In the months following the Jan. 6 attack, Rep. Jim Jordan seemed wholly unconcerned about scrutiny. In fact, the Ohio Republican suggested publicly that he’d be the model of transparency.
“If they call me, I got nothing to hide,” the far-right lawmaker said last summer. A few months later, during a House Rules Committee hearing, the Ohioan echoed the sentiment, insisting, “I’ve said all along, I have nothing to hide.”
It was against this backdrop that the House select committee investigating the attack on the Capitol reached out to Jordan, shortly before Christmas, seeking his voluntary cooperation. The congressman announced soon after that he’d refuse to answer investigators’ questions.
And so, two weeks ago, the bipartisan panel took matters to the next level and subpoenaed the Ohioan. Yesterday, in a letter spanning nearly six pages, Jordan responded to the committee. The Hill reported:
Rep. Jim Jordan (Ohio), one of five Republican members subpoenaed by the House committee investigating the Jan. 6, 2021, attack on the Capitol, is asking the panel to turn over the bulk of the information it has collected on him as he weighs how to respond to the compulsory request for his testimony.
The GOP congressman’s letter did not give the impression of eager cooperation. For example, Jordan questioned the “constitutionality and validity” of the subpoena. (Following a series of federal court rulings, the legal legitimacy of the committee and its investigation is not in doubt.)
He also presented the panel with demands he expected investigators to meet before he agreed to engage with them. An Axios report added, Jordan expressed several expectations about what the committee should provide him with, “including giving him the materials it plans to question him with ahead of time, along with all the documents the committee has that reference him.”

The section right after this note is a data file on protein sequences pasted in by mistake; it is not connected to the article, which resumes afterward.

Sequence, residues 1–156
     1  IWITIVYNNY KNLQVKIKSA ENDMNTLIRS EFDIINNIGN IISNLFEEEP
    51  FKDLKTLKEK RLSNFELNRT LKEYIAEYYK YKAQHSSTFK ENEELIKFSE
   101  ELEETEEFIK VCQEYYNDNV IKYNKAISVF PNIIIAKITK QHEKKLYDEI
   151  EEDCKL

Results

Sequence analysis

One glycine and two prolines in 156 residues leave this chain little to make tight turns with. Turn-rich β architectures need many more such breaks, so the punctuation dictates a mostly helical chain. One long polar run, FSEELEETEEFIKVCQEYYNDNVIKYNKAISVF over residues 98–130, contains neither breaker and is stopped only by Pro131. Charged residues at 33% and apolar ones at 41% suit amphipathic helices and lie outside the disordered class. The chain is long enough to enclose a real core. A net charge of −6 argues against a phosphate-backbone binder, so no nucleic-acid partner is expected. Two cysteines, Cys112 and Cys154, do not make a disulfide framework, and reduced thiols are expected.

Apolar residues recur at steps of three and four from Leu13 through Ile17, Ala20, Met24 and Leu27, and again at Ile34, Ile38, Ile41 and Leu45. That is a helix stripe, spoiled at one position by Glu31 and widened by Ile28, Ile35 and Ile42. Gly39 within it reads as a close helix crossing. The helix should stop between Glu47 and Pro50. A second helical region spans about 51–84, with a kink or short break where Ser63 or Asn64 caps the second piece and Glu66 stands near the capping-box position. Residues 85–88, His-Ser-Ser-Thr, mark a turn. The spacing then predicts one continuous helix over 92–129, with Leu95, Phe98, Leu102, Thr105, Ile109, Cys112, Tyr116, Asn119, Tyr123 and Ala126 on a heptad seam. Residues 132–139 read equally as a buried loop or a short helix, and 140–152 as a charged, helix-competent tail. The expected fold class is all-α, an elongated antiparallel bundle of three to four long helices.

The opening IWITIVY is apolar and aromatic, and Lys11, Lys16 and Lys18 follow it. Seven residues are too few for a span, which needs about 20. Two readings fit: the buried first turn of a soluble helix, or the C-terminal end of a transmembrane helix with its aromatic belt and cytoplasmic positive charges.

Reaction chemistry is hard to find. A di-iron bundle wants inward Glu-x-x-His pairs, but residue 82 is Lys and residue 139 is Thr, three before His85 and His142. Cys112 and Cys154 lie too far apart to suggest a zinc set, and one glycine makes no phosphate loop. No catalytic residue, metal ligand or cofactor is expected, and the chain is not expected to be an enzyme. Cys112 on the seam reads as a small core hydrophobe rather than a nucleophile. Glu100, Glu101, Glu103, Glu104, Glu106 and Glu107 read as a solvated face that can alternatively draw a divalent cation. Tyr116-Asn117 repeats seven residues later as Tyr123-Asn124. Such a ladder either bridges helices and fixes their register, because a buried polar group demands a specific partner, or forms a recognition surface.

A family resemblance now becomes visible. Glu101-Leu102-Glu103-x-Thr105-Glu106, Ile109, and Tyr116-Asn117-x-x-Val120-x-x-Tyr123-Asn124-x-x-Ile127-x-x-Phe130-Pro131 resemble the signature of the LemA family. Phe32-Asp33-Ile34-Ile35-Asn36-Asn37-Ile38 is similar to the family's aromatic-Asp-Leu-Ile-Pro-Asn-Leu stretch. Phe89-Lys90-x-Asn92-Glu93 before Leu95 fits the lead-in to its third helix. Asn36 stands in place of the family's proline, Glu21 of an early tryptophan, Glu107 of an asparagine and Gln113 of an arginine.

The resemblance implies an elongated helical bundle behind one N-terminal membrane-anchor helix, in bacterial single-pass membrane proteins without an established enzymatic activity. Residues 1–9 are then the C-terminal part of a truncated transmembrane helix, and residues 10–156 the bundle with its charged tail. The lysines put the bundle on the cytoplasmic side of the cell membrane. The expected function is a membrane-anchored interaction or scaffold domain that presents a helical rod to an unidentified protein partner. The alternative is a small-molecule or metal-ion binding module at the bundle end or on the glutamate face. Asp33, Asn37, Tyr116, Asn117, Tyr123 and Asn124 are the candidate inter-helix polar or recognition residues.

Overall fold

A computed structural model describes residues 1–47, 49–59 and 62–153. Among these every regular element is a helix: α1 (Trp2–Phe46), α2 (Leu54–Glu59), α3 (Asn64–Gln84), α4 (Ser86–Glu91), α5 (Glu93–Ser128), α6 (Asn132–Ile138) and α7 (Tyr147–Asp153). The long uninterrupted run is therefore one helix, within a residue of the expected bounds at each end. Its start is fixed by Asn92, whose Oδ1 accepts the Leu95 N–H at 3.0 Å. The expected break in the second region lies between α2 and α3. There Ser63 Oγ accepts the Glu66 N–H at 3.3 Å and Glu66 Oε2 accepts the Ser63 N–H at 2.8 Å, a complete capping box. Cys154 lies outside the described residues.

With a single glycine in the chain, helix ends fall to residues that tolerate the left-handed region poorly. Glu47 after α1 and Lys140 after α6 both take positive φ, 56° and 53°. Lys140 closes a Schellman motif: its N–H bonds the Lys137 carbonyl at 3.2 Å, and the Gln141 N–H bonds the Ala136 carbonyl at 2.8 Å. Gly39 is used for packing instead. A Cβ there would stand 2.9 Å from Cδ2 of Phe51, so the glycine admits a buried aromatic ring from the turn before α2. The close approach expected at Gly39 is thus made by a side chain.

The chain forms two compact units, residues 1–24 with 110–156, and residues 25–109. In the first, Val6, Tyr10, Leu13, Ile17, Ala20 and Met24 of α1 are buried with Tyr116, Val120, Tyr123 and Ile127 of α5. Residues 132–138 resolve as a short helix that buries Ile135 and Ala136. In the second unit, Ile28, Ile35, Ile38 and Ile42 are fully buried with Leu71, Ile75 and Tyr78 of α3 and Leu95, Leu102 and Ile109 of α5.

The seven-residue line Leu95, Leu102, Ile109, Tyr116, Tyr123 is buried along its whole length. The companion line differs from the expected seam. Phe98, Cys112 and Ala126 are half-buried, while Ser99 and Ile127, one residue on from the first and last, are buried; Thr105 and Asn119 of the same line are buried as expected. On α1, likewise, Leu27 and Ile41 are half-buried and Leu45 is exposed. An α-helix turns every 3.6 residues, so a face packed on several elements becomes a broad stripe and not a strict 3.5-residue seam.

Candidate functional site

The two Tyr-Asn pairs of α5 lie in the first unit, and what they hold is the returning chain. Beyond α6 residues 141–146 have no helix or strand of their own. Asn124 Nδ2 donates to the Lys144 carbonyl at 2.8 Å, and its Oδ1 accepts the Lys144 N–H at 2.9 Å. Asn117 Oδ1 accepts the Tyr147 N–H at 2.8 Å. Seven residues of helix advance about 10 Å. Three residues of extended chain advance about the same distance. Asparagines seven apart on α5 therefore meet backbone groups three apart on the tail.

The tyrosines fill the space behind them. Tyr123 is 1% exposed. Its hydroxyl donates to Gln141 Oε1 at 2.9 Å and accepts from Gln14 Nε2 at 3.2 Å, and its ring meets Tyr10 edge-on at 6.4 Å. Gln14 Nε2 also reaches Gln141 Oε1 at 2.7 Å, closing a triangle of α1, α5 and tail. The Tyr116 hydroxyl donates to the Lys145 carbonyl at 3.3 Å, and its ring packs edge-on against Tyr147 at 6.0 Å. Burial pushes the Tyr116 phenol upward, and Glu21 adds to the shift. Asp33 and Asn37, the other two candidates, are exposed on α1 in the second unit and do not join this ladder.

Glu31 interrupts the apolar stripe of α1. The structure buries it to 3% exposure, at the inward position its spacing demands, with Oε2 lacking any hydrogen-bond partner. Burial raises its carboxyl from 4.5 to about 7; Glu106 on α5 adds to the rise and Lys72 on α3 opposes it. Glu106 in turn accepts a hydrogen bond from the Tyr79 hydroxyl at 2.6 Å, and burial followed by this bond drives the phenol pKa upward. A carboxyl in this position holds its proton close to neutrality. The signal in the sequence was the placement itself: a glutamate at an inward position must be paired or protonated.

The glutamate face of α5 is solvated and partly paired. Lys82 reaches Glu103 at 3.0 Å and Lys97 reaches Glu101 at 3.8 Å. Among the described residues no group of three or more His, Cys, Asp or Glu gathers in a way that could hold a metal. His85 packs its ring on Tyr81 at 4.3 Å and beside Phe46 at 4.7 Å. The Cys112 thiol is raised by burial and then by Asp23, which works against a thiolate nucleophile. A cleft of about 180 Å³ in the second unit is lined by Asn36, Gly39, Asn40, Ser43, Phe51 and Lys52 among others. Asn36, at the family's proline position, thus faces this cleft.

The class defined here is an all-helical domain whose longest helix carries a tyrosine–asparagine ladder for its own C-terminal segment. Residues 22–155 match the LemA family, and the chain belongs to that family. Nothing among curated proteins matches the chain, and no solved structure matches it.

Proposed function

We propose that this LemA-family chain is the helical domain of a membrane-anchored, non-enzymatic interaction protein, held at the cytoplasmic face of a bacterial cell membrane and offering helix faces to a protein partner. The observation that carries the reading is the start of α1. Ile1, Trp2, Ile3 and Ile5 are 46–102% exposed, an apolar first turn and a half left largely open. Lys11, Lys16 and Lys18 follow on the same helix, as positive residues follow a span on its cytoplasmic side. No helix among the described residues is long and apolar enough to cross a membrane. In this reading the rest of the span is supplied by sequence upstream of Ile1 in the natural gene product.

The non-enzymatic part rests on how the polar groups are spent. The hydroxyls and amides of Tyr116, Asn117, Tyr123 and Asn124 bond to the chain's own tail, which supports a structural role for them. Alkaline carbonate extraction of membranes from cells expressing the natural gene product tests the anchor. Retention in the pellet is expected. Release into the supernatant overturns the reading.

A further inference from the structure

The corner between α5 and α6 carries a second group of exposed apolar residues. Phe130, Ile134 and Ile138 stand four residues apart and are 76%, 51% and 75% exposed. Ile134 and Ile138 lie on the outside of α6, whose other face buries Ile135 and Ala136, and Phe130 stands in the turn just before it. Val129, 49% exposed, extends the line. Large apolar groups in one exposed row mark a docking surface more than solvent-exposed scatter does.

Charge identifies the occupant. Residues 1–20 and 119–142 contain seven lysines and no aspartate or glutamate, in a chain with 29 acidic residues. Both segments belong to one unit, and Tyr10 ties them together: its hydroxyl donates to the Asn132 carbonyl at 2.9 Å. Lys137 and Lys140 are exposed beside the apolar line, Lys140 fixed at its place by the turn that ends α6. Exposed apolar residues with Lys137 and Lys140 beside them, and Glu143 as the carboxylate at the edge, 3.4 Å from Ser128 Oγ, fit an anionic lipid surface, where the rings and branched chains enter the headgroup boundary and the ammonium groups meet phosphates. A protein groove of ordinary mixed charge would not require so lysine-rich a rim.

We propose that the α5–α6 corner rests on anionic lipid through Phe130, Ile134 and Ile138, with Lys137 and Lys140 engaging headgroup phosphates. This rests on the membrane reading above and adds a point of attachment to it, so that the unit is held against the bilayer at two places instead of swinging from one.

I’m starting to think Mr. Nothing To Hide is reluctant to answer questions.
Looking ahead, there are a few things to keep in mind. First, those subpoenaed in federal investigations generally don’t respond with a series of demands. A Washington Post report recently explained, “Subpoenas are legally binding requests to testify; violating them can carry a fine or jail time.”
Witnesses are not supposed to respond to subpoenas by effectively saying, “Meet my demands first, and then I’ll think about it.”
Second, it’s unlikely that the committee will satisfy Jordan’s requests, at which point he’ll probably refuse to honor the subpoena. Don’t be surprised if the panel responds by seeking a contempt vote against him.
And third, the relevance of this line of inquiry should not be in doubt. This is an investigation of great importance, and Jordan has a unique perspective that could advance the larger search for truth. As regular readers may recall, The New York Times reported several months ago, for example, that the Ohio lawmaker attended crisis meetings at Trump campaign headquarters as early as Nov. 9, just two days after Joe Biden became president-elect.
The Times also reported that the far-right congressman participated in a meeting at the White House in late December 2020, at which he plotted with Donald Trump on how best to challenge the results of the election.
Soon after, on Jan. 5, Jordan forwarded a message to then-White House Chief of Staff Mark Meadows, describing a scheme in which then-Vice President Mike Pence could help reject election results Republicans didn’t like.
Wyoming Rep. Liz Cheney, the Republican co-chair of the bipartisan panel, insisted months ago that Jordan’s perspective is of critical significance precisely because he was “involved in a number of meetings in the lead-up to what happened on Jan. 6, involved in planning for Jan. 6, certainly for the objections that day.”
And yet, after insisting he had “nothing to hide,” Jordan seems wholly uninterested in answering investigators’ questions. I wonder why that is.